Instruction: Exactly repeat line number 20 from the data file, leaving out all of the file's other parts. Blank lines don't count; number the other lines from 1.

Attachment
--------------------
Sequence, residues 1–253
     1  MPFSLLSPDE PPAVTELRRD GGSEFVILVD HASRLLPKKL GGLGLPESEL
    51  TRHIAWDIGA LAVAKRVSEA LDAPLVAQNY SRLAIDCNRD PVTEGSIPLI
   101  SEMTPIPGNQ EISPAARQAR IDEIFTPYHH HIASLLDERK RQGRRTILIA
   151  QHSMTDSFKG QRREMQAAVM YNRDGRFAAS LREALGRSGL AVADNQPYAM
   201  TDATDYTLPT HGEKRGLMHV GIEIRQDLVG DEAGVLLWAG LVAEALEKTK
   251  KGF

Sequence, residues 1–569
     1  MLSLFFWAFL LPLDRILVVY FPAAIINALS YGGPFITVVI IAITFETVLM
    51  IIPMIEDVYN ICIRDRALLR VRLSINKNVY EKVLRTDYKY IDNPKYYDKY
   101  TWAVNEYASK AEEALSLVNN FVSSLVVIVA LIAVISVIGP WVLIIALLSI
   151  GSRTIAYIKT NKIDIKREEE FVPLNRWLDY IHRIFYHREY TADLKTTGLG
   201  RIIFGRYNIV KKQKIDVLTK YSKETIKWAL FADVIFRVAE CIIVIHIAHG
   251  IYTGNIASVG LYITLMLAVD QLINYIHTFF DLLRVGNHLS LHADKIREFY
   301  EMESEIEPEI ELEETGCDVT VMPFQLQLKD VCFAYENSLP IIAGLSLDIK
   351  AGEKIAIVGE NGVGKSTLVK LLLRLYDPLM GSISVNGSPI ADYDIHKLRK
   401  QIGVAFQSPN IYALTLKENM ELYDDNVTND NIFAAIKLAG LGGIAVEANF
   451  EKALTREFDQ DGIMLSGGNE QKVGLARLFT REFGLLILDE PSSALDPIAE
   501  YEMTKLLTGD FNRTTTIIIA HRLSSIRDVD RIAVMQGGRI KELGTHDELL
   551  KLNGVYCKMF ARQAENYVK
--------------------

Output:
   551  KLNGVYCKMF ARQAENYVK